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When Is A Driver Negligent?

In it’s simplest form, “Negligence” is the failing to do what a reasonable person would do under the same or similar circumstances, or otherwise taking some action that falls outside the reasonable person standard. It can be an action or an omission and is usually judged by the “reasonable person” standard. The law usually imposes on most people a duty to act reasonably and considers a breach of this duty to be negligence. The standard of care required often varies depending on the circumstances, the age and mental status of the actor and may also be affected by the educational status of the actor. For example, professionals such as doctors may be held to a higher standard of care than a layperson would be held to, in the same or similar circumstances.

Determining whether someone was negligent often depends as well on the cause of the accident.

The Cause of Your Accident is Important to Know

For example, responsible drivers usually do not cause auto accidents — negligent drivers usually do.  Some examples of negligent driving include:

  • Distracted Driving:  Many activities divert drivers’ attention from safely navigating.  Electronic devices are at the top of the list, but other tasks are great offenders, including operating the car radio, eating, drinking, talking with passengers, putting on makeup and reading.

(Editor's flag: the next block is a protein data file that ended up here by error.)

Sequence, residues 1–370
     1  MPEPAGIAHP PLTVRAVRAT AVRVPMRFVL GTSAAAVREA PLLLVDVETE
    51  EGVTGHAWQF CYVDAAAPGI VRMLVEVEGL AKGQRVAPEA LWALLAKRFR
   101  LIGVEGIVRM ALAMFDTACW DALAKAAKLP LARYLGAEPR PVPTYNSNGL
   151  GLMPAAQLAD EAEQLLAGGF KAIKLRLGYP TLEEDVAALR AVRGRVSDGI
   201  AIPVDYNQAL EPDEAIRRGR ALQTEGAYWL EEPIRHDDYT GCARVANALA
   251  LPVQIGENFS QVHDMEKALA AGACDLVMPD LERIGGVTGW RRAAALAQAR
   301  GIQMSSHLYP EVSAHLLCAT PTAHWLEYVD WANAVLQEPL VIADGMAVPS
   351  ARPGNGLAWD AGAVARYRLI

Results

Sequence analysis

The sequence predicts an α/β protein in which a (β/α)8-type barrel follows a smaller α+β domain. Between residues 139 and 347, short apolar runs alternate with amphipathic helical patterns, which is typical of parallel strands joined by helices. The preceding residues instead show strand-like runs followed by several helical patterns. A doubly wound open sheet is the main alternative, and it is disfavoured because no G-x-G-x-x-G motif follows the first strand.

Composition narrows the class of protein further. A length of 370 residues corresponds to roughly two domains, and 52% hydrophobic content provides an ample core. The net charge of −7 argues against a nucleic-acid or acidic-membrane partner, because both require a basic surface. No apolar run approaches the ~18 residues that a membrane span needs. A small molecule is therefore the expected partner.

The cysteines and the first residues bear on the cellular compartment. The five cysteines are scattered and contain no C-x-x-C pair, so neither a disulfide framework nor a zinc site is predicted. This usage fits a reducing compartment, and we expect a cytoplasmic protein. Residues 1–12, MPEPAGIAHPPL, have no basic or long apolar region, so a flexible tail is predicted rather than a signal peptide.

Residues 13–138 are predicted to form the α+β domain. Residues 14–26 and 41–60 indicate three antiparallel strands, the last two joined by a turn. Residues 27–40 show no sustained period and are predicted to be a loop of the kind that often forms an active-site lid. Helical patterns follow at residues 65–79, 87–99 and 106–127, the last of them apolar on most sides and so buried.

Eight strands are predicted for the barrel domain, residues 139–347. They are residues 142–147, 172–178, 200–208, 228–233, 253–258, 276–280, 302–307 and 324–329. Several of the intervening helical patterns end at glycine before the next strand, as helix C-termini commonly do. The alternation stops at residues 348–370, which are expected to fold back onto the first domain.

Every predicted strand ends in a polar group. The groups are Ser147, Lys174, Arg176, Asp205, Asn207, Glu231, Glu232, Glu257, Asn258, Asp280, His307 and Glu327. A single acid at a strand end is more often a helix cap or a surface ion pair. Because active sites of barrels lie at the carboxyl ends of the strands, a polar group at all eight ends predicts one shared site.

• Speeding:  “Speed Kills.”  This is a fact.  When vehicles travel at higher rates of speed, it is harder to stop and reaction time is less.  Some drivers ignore the speed limits on Maryland, Virignia and Washington DC city streets, highways and rural roads. Exceeding the speed limit is a common cause of wrongful injury or wrongful death.
  • Reckless Driving: Often combined with speeding, reckless driving includes weaving in and out of traffic, fast lane changes, following too close to the car ahead, cutting off another driver, and road rage behavior.
  • Drunk Driving:  Operating a motor vehicle in Maryland, Virginia, or Washington DC with a blood alcohol concentration of .08 or higher is illegal.  A person driving under the influence and drunk or on drugs runs an extremely high risk of injuring or killing someone else, or him or herself.